Leading Employees Through Change

Posted on in Growth Strategies

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It’s a fact that many people resist change. But, change is part of doing business, whether that business is selling cars, building skyscrapers or providing home medical equipment. Big changes – e.g., new leadership, new location, new systems – can often result in employees who struggle to remain productive and optimistic.

Here are suggestions to help you lead your organization through a transition:

  1. Keep communication wide open. Employees turn to management for answers in times of stress and uncertainty. You may be able to have a positive impact on your employees’ initial reactions by keeping them informed. Be as specific as you can to prevent the rumor mill from working overtime. Throughout the change process, provide them with answers to these six questions:
    • What is the change?
    • Who will it affect?
    • When will it happen?
    • Where will it happen?
    • How will it happen?
    • Why will it happen?


  2. Listen – really listen. Even armed with those answers, your employees may still express reservations. It’s critical that you listen carefully to their concerns, take seriously what they have to say and offer reassurances where needed. Changes within an organization don’t happen in a vacuum; the most seamless execution of change occurs when everyone takes ownership of the transition.


  3. Get employees involved. One way to gain employee buy-in is to encourage them to participate in the change process. Humans are creatures of habit. Once we establish a stable routine – whether at work or home – a level of comfort sets in. Upsetting that routine can be extremely unsettling. Including your employees in the change process – when and how appropriate – will demonstrate that you’re in this together and can better ensure a smoother, successful transition.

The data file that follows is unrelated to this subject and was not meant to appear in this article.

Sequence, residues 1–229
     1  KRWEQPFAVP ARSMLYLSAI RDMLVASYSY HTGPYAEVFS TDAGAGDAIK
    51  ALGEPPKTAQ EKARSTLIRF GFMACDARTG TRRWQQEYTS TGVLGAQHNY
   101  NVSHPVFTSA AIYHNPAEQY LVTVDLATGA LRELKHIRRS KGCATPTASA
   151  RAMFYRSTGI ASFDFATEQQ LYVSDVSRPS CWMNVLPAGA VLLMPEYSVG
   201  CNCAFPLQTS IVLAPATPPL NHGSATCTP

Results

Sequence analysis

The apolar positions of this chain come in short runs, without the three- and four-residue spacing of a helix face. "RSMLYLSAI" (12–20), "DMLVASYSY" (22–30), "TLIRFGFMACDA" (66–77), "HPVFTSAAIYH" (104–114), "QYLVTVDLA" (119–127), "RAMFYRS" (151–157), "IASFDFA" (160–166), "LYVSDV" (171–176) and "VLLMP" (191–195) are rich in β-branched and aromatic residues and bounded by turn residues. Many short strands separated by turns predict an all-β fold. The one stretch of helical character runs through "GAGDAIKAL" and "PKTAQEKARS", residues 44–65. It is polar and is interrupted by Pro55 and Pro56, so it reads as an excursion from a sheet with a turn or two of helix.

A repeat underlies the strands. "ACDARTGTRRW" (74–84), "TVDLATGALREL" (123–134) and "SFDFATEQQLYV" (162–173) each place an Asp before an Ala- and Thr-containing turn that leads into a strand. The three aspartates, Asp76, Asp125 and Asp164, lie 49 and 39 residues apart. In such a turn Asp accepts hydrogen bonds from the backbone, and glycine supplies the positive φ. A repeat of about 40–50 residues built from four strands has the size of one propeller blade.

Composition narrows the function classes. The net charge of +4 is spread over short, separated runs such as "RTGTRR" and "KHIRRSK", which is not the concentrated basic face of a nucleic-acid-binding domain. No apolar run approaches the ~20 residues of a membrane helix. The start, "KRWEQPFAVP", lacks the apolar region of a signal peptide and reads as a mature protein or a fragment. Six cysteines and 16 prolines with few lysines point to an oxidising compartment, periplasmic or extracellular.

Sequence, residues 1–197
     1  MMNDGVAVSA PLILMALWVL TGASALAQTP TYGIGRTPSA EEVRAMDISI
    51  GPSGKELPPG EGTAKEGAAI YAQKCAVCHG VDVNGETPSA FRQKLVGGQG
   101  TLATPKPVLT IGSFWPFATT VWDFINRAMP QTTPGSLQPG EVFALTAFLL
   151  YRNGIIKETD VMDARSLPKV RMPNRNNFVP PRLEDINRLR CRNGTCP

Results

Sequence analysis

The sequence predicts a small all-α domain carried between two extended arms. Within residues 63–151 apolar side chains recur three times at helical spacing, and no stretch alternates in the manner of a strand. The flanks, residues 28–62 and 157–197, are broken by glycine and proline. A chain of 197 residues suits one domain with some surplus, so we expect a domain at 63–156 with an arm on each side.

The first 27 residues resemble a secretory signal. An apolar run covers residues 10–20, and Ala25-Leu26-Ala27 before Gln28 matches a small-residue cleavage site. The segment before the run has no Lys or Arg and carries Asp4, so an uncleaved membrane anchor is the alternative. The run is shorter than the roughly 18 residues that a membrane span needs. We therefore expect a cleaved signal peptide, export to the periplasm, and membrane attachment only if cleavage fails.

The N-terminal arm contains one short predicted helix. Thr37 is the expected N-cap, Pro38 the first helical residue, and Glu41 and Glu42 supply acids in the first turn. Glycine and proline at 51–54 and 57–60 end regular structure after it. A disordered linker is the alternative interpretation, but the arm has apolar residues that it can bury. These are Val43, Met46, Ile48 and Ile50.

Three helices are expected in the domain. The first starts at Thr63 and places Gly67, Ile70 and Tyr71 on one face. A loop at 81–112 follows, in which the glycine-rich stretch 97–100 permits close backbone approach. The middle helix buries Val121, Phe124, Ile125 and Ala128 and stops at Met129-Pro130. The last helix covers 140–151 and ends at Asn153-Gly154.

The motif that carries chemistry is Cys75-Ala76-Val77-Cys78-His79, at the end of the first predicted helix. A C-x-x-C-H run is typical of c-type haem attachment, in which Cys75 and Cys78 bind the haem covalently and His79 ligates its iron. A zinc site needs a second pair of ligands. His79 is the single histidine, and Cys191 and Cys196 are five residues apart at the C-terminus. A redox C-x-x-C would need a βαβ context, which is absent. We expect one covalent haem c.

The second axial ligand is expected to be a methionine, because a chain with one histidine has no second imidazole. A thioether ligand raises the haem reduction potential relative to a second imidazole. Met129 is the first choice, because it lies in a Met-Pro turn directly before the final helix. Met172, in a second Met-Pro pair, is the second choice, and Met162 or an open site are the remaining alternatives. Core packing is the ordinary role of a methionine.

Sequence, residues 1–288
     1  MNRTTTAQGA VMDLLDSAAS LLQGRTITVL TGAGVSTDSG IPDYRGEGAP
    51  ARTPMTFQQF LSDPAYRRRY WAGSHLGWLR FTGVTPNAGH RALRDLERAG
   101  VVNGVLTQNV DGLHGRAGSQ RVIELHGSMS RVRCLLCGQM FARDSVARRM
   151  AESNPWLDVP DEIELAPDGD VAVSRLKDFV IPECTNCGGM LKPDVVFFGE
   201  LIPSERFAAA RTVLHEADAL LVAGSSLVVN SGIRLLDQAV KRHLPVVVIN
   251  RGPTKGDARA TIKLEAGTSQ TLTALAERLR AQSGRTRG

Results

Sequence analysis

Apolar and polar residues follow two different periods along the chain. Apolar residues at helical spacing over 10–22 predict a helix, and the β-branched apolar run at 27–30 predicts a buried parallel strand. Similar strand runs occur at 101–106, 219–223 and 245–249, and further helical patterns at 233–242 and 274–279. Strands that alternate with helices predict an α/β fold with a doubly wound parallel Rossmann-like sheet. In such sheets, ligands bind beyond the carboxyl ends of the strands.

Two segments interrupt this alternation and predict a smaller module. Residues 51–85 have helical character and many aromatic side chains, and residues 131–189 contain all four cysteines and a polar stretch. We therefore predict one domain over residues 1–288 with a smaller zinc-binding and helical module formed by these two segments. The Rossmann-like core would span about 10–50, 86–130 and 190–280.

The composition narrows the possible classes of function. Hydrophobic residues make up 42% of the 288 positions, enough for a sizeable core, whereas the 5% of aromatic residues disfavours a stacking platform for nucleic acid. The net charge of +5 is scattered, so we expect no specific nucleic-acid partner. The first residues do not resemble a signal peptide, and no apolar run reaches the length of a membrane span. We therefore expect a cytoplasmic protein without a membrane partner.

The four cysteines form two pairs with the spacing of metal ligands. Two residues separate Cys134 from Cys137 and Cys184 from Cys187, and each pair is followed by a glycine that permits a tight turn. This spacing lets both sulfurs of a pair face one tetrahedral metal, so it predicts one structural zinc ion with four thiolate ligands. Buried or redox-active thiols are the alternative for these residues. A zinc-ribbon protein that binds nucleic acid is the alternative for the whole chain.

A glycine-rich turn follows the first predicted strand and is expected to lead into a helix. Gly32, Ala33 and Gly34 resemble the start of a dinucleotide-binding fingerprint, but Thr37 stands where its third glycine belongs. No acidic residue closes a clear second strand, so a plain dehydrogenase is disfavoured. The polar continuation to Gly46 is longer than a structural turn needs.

4. Accentuate the positive. Just as employees look to management for answers, they often mimic their leaders’ attitudes toward change. Focus on the positive side of change, and discuss how the change will benefit the company, your customers and your employees. Simple gestures can have a much larger impact than you might think, e.g., a sincere word of thanks, a short handwritten note of appreciation or group recognition for a job well done.


  5. Focus on what you can control. There are always aspects of change that you and your employees can control and others you cannot. The Serenity Prayer has provided direction to many as they go through difficult periods.

God grant me the serenity to accept the things I cannot change, the courage to change the things I can, and the wisdom to know the difference

- Reinhold Niebuhr, American theologian

For more tips on how to effectively lead your staff through change and best practices on managing people, download the Analyzing Business Operations Playbook today! VGM members are able to download the eBook in its entirety for free, and non-members can download a preview.